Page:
Monday, October 21, 2013

What a Mother Knows by Leslie Lehr

What a Mother Knows by Leslie Lehr
Published by Sourcebooks, May 7, 2013
ISBN: 9781402279560

I was fortunate enough to receive a free copy of this wonderful book from the publisher in exchange for a fair and honest review. (It always seems like a holiday when I receive a free book!! YAY!!) Additionally, I would have been thrilled if I had actually purchased it! I heartily recommend this book!

Unfortunately, I have not had time to read it until now--but it was well worth the wait!! I had to forewarn my co-worker this Monday morning that I was tired. Why? Well...huh-hmmm...that could be due to the fact that it was past midnight before I went to bed to sleep last night. You might well ask, why? Well...because I had begun reading this book yesterday morning and I just HAD to know; I just HAD to finish it before I could go to sleep! It was that enthralling for me! 

This was more suspenseful than I'd actually expected. Ms. Lehr managed the plot quite astutely, revealing a little more and then a little more, and then... Well, you get the idea. I typically am compelled by a narrative when the characters are well drawn and impassioned, and was I ever compelled! (See above note about late bed-time!!) I cannot begin to imagine Michelle's shock and disorientation after months in a medically-induced coma, then fighting for more than another year to relearn to walk and talk, etc. Although unable to accomplish a full recovery, it was remarkable the skills and abilities she was able to regain and maintain. It pleased me that Michelle had the satisfaction of knowing her intuition regarding her daughter was spot-on and she did virtually track her down, though Nikki was able to evade her at the last minute. Good for her! Especially considering the lies with which she had to deal once released from the hospital and returned to a "normal"/"routine" life! Her world had been turned upside down during those 18 months!

I was pleasantly surprised by the idea of limb regeneration briefly explored in this book. I have heard an experienced Chinese practitioner state that the only reason the human body does not fully regenerate limbs is the lack of pain tolerance. Quite an interesting proposition, in my opinion. Michelle and Wes seemed to automatically and unconsciously connect at such an intimate level! I was happy for both of them, however, it would be nice to find out how their lives continued in the aftermath of this particular novel. But isn't that usually how it is when a book resonates so clearly for you? You always wish you knew how certain things worked out in the future for specific characters...and that, for me is much of the enjoyment of reading!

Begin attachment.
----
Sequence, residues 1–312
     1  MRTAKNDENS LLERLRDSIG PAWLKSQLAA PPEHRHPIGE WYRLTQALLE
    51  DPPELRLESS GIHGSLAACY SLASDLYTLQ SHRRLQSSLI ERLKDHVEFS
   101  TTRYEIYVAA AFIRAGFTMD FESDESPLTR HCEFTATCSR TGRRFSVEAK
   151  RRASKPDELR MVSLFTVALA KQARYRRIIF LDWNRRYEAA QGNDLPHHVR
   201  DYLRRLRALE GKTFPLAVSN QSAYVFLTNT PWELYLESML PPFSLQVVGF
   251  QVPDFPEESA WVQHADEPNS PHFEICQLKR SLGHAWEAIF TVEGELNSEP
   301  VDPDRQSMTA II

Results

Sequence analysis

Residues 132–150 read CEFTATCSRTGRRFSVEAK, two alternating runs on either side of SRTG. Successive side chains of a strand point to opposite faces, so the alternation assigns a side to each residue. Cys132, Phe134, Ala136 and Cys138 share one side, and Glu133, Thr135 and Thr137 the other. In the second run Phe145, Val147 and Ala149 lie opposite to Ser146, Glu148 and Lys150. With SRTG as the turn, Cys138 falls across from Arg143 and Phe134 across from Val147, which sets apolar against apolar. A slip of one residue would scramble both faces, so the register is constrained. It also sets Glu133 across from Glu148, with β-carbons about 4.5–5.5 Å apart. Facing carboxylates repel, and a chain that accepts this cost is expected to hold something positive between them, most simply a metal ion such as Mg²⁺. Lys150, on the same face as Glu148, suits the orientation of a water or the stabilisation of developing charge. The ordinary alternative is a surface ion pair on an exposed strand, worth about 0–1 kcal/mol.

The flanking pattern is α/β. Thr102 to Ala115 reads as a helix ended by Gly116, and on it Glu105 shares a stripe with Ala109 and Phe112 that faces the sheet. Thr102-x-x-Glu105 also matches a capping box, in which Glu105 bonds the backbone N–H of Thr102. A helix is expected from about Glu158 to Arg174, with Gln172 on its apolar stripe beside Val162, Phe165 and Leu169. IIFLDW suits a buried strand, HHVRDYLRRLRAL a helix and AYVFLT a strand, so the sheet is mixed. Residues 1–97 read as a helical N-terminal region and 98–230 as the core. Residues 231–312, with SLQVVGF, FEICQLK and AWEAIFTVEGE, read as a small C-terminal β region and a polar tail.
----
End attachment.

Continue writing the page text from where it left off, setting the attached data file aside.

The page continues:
I was rather proud to have caught a major plot twist which Michelle overlooked (a rather rare occurrence for me! lol). I could empathize with Michelle and Laura, discovering (and remembering) their children's illicit activities. Which brings me to one of the main issues related in this book. Parents rarely deal with "bad behavior" in effective ways, yet it is virtually impossible to control emotional reactions to what can be identified by most parents as "betrayal" or "rebellion." Would you have "over-reacted" as Michelle did? Could you have been as kind-hearted, forgiving, and seemingly objective as Laura? It is amazing how a series of small decisions can create seemingly insurmountable and disastrous results. Ah...but such is life...

The final controversial issue surrounds Michelle's memory and the trial. Did you believe her to be "innocent" with regard to Noah's death? Or did it even matter by that time? Personally, I felt there was no positive result to be had by her revealing recently recalled memories, particularly since she was the only "witness" to Noah's last minutes of life. Especially given the fact that some neuroscientists now believe there is no "absolute truth" within human experience, but rather we each "create" our own individual and unique memories of any specific experience/event. (I listened to a TED talk addressing this issue.) This explains how multiple eye-witness accounts of the same event can differ so widely, and to a degree how people can so easily misidentify perpetrators, etc. I have experienced this in my own life; my children, now adults with their own families, recall quite differently various childhood events, and their accounts sometimes vary remarkably from my own memories! That never ceases to amaze me. Personally, I feel Michelle was doing everything in her power to save Noah... What would you have done in Michelle's place? Would you have felt compelled to divulge what you believe you've just now "remembered," or would you have kept those thoughts to yourself? Quite the conundrum! And will she ever share this information with anyone else in her life in the future?

I plan to read Lehr's first book, Wife Goes On.

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